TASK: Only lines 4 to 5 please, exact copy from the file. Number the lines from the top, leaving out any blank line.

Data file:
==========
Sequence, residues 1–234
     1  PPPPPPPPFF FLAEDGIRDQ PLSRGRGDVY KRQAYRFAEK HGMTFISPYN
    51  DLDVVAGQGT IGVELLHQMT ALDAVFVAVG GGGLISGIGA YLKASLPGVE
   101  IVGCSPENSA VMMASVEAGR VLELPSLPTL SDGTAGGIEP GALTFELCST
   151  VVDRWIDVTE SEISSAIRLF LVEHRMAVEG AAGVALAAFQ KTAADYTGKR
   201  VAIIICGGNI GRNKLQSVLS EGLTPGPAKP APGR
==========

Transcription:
   101  IVGCSPENSA VMMASVEAGR VLELPSLPTL SDGTAGGIEP GALTFELCST
   151  VVDRWIDVTE SEISSAIRLF LVEHRMAVEG AAGVALAAFQ KTAADYTGKR